The ET Carbon Dataset comprises the most comprehensive and granular corporate value-chain greenhouse gas emissions data on the market.
The dataset is rigorously quality-assured according to a nine-year time series with inferences to fill gaps in company reporting.
It is unique in providing cleaned, quality-assured and investment-grade data on the full spectrum of company operational and value chain emissions, covering Scope 1, 2 and all 15 categories of Scope 3.
Directly analysed data covers leading benchmarks including MSCI ACWI, MSCI World, S&P 500, Stoxx 600 and FTSE 100, with data available for over 30,000 securities.
The ET Carbon Dataset is used by investors as an input into risk models and investment decision-making processes, to perform in-house carbon footprint analysis and for reporting purposes. It includes information on the completeness of the data publicly reported by companies, including whether it has been third-party assured, as well as statistical analysis and estimation models for non-disclosing companies. The ET Carbon Dataset allows for an evaluation of the absolute and relative greenhouse gas emissions of each company and their trajectory over time, as well as an assessment of the amount of renewable energy purchased by each company and the trend over time.
ET collects company emissions data from public sources such as company Annual Reports, Sustainability Reports and company websites. ET is unique in being fully transparent with its data, indicating where data points have been reported or modeled.
Engaged Tracking has observed increases in both the quantity and quality of reported Scope 3 emissions data. Disclosure of Scope 3 emissions is increasing year on year, with more companies disclosing Scope 3 emissions data and more Scope 3 categories being reported by companies. Between 2013 and 2018, the number of companies disclosing at least 11 of the 15 Scope 3 categories quadrupled.
While enhanced Scope 3 disclosure is encouraged, the bulk of a company’s emissions will normally sit within a handful of the Scope 3 categories, with significant differences between sectors. For example, the categories Use of Sold Products and Investments would be of significant importance to the Oil & Gas and Financial Services sectors respectively. It is therefore vital to understand the material Scope 3 categories within each sector.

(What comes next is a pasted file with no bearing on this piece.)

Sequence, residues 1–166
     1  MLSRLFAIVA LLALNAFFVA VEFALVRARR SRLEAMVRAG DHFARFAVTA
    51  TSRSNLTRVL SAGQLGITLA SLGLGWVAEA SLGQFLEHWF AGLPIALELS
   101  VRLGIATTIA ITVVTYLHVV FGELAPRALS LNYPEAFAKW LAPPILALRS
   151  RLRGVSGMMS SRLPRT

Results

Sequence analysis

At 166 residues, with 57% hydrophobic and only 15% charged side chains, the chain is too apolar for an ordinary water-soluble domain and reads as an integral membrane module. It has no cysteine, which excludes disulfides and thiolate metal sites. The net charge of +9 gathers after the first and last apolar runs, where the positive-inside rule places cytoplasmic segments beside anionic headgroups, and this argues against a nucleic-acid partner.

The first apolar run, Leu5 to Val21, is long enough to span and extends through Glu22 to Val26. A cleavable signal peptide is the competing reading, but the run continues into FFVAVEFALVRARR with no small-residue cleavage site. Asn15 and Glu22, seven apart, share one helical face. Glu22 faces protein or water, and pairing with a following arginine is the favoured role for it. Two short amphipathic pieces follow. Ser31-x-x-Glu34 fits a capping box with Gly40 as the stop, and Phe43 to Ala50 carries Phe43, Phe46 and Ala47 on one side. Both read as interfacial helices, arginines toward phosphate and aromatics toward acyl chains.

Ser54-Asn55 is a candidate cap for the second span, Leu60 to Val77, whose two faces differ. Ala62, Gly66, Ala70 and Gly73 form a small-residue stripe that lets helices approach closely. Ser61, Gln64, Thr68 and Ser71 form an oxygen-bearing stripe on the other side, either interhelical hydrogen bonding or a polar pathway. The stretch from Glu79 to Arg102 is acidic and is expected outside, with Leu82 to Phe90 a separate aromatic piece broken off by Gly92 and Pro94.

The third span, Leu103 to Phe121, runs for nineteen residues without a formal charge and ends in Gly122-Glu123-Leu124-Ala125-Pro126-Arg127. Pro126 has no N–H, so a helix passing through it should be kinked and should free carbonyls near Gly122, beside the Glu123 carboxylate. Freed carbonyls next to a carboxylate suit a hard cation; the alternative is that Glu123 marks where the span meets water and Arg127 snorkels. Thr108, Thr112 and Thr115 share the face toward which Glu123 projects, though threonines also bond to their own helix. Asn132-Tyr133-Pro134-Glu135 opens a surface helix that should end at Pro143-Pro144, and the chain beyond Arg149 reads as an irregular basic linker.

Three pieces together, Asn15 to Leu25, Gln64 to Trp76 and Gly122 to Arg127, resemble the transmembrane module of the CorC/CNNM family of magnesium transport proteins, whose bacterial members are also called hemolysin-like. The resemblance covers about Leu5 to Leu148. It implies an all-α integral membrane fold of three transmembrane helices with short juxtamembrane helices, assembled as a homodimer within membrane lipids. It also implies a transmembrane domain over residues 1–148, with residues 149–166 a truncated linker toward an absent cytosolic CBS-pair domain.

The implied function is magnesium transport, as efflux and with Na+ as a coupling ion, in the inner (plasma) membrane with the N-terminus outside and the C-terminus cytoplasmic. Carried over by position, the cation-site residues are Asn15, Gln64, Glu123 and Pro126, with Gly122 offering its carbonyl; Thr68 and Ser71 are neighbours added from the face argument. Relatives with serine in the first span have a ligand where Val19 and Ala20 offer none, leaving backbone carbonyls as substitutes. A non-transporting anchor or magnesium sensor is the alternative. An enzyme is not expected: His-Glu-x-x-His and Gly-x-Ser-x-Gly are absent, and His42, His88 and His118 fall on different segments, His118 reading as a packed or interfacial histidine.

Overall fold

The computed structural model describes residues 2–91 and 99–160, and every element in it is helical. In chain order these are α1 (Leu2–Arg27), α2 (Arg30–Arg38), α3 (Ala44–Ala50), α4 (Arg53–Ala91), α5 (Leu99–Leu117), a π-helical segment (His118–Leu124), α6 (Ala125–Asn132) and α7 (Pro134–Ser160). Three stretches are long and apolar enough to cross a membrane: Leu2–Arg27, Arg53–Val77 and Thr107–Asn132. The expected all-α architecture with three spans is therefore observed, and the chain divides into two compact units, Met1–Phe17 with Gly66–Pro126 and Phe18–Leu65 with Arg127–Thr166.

Engaged Tracking actively undertakes such exercises for each sector. Based on a recent case study for the SASB SICS Health Care Sector, the most material Scope 3 categories are Purchased Goods and Services, Capital Goods, and Use of Sold Products. These 3 categories make up 84.7% of the total average emissions of all 15 Scope 3 categories for the Health Care Sector.
WHY SCOPE 3 EMISSIONS MATTER
In order to accurately evaluate company performance and the full extent of exposure to carbon risk, a company’s emissions throughout its entire value chain (Scope 3) must be considered. Including only Scope 1 and 2 emissions in the analysis of carbon risk exposure can mean a considerable underestimate of exposure to carbon-related risks.
ET’s own research evaluating disclosed emissions data has shown that Scope 3 emissions typically account for more than 85% of a company's total emissions. The Task Force on Climate-related Financial Disclosures (TCFD) also suggests that Scope 3 emissions should be considered where material. ET incorporates all 15 Scope 3 categories, providing access to the most granular and comprehensive dataset.
EMISSIONS TRANSPARENCY INDEX
A transparent, public and standardised Index of the world's largest companies and their carbon emissions. Engaged Tracking’s Emissions Transparency Index represents nine years of emissions data collection. Engaged Tracking is the leading independent provider of climate risk management solutions to the financial sector. We navigate the transition to a low-carbon economy for the capital markets. The transparency, independence and inclusivity of the dataset represent Engaged Tracking’s values and mission-driven approach to identify, assess and manage the financial implications of climate change.